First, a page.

What degrees does Harvard's Music Department offer?
You can earn an A.B. from Harvard College with a concentration (or joint concentration, or secondary field [minor]) in Music. We also have a graduate program that offers the PhD in musicology, ethnomusicology, theory, or composition, and a small AM program in Performance Practice, meant for mid-career performers or scholars.
In addition, Harvard and New England Conservatory offer a five-year, dual degree program where students can earn a A.B. from Harvard College and an M.M. from NEC. Click here for details.
Does Harvard offer a music performance degree?
Harvard has an academic music department, not a conservatory program, and does not have performance faculty or offer lessons. Also, we don't currently offer Music Education, Music Therapy, Vocal Performance, or Music/Sound Engineering degrees. That said, the music scene at Harvard is an especially vibrant one, and there are many experienced and talented musicians who chose Harvard for its strong liberal arts education and continue their music studies at a level equal to or greater than noted conservatories. The difference is that students must take the initiative to audition for the performance groups that interest them, and arrange lessons with Boston area tutors outside their work at Harvard.
If you are a serious musician, you will find dozens of musicians who work and perform at a Conservatory level. If you are someone who enjoys performing for pleasure, you will likely be able to find your place within a large community of performers and a wide range of opportunities.
Does Harvard require an audition for admission?
No. Harvard does not hold auditions of any kind during the admissions process. If music is important to you, you are welcome (not required) to send in a CD of your performance as an "Arts Supplement" to your Common Application.
What performance opportunities are there at Harvard?
The majority of Harvard students come to college with some musical background. There are no less than 45 student music organizations on campus ranging from Mariachi to gamelan, Chinese chorus to jazz bands to several orchestras, choral groups, a capella groups, world music groups, bands, and percussion ensembles. Each operates independently with their own schedule of rehearsals and concerts, and most audition for new members each fall. Musical activities are considered extra-curricular (with some exceptions, such as the performance classes run by the department for credit). For information on music performance both in the Music Department and elsewhere on campus, click here. For information about Harvard's new A.B./M.M. dual degree performance program with New England Conservatory, click here.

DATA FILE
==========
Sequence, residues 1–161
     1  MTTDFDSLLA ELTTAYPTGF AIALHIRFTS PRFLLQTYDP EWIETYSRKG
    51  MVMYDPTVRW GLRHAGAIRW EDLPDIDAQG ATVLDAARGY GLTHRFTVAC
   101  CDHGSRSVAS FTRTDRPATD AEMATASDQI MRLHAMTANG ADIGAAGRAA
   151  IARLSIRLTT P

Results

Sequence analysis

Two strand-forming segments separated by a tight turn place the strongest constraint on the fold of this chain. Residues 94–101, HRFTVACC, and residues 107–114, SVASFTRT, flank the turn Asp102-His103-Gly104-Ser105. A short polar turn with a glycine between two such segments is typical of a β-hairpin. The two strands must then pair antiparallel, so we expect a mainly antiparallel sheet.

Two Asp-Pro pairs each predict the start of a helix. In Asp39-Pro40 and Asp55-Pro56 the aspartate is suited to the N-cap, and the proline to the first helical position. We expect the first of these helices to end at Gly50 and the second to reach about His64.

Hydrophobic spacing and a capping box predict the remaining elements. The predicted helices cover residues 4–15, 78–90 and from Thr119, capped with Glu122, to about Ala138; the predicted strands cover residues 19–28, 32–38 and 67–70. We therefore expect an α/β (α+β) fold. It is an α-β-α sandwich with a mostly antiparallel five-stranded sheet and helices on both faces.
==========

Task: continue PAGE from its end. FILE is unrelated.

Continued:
The Music Department offers a few performance courses for credit each term; examples from recent years include choral conducting, chamber music, jazz improvisation, orchestration, and performance/analysis. It also offers a full composition program.
Is it possible to study an instrument with music department faculty?
Music faculty do not give instrument or vocal lessons. Students who wish to pursue lessons are encouraged to find a music tutor in the Boston area. For more information on finding a tutor, go to Performance.
Does Harvard have a choral music program?
There are numerous choral music opportunities at Harvard, including the Choral Fellows Program and the University Choir. However, the Music Department offers no degree program in choral music. The Director of Choral Activities at Harvard is Andrew Clark; for information about Professor Clark and many of the choral groups on campus, click here.
What do students do with a AB in Music?
Students who graduate with an AB with a concentration in Music go on to as many different fields as any student with a liberal arts degree. Many are successful going on to Conservatory after Harvard, and music concentrators have recently gone on to study at USC, NEC, or Juilliard. Some pursue a performance career. Others go to Law School, get a business degree, or go to graduate school in a number of fields, including historical musicology.
Can I get a master's degree?
The graduate program does not offer a "terminal" master's degree and all graduate students are expected to complete therequirements for a PhD. Following successful completion of your course work and general examination, you may apply to the registrar's office to receive a master's degree en route to completion of your doctorate.
Do I need a master's degree to apply to the graduate program in music?
No. Some students have earned a master's when they apply to the PhD program, but just as many have not, and apply directly after they graduate from a four-year college.
How big is the Department of Music?
The Music Department ordinarily has around 18 permanent faculty, around 6 visiting faculty, and 50 undergraduate concentrators, 60 graduate students, 10 staff, and 10-15 associates.